“I was doing on-the-job training until I went to DePaul,” she says. “That was really when I got into the nitty-gritty and started learning how to write a science article, how to write to difference audiences and how to pitch.” Professors Ted Anton and Miles Harvey became mentors to Hestermann during her time here, helping her with everything from technical writing to the publishing process. “It enhanced everything and opened up so many doors—I’m sure I haven’t even experienced how many doors it’s going to open for me yet,” she enthuses.

The couple celebrated the release of “Zoology for Kids” in March 2015, and Hestermann remains proud of what they accomplished. “Whatever kids want to do, they just go for it,” she says. “They don’t have the same reservations that we as adults do. It’s just so awesome to think that we can inspire some of the kids who are going to become the next conservation leaders. They’re going to make changes that are going to matter for our planet.”


DePaul Welcomes New Provost

March 6, 2015
denBoer

Marten L. denBoer was appointed as provost in February. He will will become DePaul’s chief academic officer on July 1. (Photo credit: California State Polytechnic University/Tom Zasadzinski)

On Feb. 18, the Rev. Dennis H. Holtschneider, C.M., president of DePaul University, announced the appointment of Marten L. denBoer as the university’s new provost. He comes to DePaul from California State Polytechnic University, Pomona, where he served as provost and vice president for academic affairs for the past seven years.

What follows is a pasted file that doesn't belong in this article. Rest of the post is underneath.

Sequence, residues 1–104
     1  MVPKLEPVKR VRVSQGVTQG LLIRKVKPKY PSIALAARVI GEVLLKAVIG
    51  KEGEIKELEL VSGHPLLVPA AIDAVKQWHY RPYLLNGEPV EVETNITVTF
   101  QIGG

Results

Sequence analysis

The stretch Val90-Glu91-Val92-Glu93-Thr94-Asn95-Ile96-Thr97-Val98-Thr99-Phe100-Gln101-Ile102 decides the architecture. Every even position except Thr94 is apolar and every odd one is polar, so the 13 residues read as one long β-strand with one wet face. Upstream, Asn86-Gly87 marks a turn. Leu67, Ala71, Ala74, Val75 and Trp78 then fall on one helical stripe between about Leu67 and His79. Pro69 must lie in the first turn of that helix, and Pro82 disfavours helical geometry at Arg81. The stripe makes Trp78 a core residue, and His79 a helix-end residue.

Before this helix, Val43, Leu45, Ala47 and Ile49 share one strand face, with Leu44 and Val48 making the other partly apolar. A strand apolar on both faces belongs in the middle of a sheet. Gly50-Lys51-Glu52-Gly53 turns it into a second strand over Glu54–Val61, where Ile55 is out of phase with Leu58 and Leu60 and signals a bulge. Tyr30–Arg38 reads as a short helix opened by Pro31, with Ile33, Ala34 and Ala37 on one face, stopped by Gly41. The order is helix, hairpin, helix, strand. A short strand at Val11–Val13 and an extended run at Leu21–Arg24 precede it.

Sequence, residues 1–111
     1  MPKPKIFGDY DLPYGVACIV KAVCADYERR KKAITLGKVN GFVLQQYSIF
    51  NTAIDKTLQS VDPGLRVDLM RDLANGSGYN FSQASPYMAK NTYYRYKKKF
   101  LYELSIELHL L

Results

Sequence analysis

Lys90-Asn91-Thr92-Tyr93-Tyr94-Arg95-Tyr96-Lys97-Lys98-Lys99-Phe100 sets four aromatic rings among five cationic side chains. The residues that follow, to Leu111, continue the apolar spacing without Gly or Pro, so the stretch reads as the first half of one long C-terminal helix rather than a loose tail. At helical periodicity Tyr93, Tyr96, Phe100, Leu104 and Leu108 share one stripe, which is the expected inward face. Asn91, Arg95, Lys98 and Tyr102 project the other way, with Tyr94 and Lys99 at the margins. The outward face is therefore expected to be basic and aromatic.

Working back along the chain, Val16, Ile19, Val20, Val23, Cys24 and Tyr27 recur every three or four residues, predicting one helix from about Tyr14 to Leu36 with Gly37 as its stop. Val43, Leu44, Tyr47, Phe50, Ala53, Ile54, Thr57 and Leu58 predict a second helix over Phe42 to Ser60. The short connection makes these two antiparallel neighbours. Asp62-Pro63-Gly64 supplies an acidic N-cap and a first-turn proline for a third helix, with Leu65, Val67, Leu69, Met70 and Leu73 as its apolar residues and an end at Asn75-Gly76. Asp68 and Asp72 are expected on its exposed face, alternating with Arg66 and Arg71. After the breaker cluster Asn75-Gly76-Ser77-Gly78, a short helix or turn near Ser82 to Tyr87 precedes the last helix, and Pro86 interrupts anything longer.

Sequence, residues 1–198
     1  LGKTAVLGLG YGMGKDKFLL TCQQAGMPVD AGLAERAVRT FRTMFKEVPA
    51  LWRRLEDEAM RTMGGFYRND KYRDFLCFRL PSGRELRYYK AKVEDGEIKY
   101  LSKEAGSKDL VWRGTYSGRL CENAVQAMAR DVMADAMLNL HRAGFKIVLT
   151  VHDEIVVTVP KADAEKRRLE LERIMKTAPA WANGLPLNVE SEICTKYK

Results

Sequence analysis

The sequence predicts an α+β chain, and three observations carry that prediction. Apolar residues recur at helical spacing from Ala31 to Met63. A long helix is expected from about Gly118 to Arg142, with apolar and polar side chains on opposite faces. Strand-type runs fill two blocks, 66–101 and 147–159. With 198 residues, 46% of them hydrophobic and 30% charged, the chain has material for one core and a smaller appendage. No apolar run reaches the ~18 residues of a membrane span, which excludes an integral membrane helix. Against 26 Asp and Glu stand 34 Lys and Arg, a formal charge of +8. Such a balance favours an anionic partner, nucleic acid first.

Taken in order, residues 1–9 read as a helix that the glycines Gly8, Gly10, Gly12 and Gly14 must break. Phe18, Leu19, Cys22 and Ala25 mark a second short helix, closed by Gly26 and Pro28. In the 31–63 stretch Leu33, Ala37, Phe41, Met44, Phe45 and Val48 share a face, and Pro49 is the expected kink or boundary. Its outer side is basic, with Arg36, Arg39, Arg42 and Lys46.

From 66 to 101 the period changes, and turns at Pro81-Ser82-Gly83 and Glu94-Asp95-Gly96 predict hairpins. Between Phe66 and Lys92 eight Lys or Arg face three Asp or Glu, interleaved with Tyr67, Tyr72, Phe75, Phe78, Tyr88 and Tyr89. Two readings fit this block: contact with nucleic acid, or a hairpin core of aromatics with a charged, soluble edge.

During his tenure at Cal Poly, denBoer managed eight colleges that comprise more than 150 degree and credential programs and is credited with recruiting a leadership team that exemplifies diversity. Among his accomplishments, denBoer expanded internal grants for faculty scholarship, established awards to honor faculty achievements, and worked closely with faculty to develop and implement a strategic plan for the university.

Prior to his work at Cal Poly, denBoer was associate provost at Queens College of the City University of New York, professor and chair of the physics department at Hunter College of The City University of New York, assistant professor of physics at the Polytechnic Institute of New York and research associate at the National Research Council of Canada. He earned his doctorate and master’s degrees in physics from the University of Maryland, College Park, and a bachelor’s degree in physics and mathematics from Calvin College in Grand Rapids, Mich.

As a physicist, his research focuses on the use of X-ray absorption spectroscopy in the investigation of materials important in energy storage and conversion, particularly batteries and fuel cells. DenBoer has published more than 70 peer-reviewed articles, and his research has been funded by the National Science Foundation, the U.S. Department of Energy, the National Institutes of Health and the Office of Naval Research. He is also a member of the American Association for the Advancement of Science and the American Physical Society.